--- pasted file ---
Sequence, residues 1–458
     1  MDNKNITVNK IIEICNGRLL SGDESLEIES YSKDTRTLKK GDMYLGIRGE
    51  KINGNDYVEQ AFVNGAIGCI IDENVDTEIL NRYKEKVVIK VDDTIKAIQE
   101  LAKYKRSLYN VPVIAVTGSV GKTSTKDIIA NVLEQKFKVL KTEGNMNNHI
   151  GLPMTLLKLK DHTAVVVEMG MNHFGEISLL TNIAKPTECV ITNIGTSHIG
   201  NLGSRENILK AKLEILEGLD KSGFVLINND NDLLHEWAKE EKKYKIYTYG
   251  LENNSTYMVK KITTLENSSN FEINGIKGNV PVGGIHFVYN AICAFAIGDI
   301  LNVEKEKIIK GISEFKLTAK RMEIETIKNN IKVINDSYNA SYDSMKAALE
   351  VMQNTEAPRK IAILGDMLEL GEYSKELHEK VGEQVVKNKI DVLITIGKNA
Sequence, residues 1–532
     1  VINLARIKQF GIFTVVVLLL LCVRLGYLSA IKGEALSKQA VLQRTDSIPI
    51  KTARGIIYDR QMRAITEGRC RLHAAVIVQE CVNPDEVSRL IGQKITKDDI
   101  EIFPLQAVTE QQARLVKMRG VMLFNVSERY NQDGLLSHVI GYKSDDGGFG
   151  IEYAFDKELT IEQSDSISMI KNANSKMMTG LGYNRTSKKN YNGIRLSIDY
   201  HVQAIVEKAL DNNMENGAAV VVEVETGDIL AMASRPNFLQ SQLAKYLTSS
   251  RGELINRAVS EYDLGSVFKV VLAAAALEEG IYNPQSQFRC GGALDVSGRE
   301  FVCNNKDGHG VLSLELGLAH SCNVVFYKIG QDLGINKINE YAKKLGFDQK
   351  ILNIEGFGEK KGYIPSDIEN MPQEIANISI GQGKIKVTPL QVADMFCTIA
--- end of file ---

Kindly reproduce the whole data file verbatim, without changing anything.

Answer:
Sequence, residues 1–458
     1  MDNKNITVNK IIEICNGRLL SGDESLEIES YSKDTRTLKK GDMYLGIRGE
    51  KINGNDYVEQ AFVNGAIGCI IDENVDTEIL NRYKEKVVIK VDDTIKAIQE
   101  LAKYKRSLYN VPVIAVTGSV GKTSTKDIIA NVLEQKFKVL KTEGNMNNHI
   151  GLPMTLLKLK DHTAVVVEMG MNHFGEISLL TNIAKPTECV ITNIGTSHIG
   201  NLGSRENILK AKLEILEGLD KSGFVLINND NDLLHEWAKE EKKYKIYTYG
   251  LENNSTYMVK KITTLENSSN FEINGIKGNV PVGGIHFVYN AICAFAIGDI
   301  LNVEKEKIIK GISEFKLTAK RMEIETIKNN IKVINDSYNA SYDSMKAALE
   351  VMQNTEAPRK IAILGDMLEL GEYSKELHEK VGEQVVKNKI DVLITIGKNA
Sequence, residues 1–532
     1  VINLARIKQF GIFTVVVLLL LCVRLGYLSA IKGEALSKQA VLQRTDSIPI
    51  KTARGIIYDR QMRAITEGRC RLHAAVIVQE CVNPDEVSRL IGQKITKDDI
   101  EIFPLQAVTE QQARLVKMRG VMLFNVSERY NQDGLLSHVI GYKSDDGGFG
   151  IEYAFDKELT IEQSDSISMI KNANSKMMTG LGYNRTSKKN YNGIRLSIDY
   201  HVQAIVEKAL DNNMENGAAV VVEVETGDIL AMASRPNFLQ SQLAKYLTSS
   251  RGELINRAVS EYDLGSVFKV VLAAAALEEG IYNPQSQFRC GGALDVSGRE
   301  FVCNNKDGHG VLSLELGLAH SCNVVFYKIG QDLGINKINE YAKKLGFDQK
   351  ILNIEGFGEK KGYIPSDIEN MPQEIANISI GQGKIKVTPL QVADMFCTIA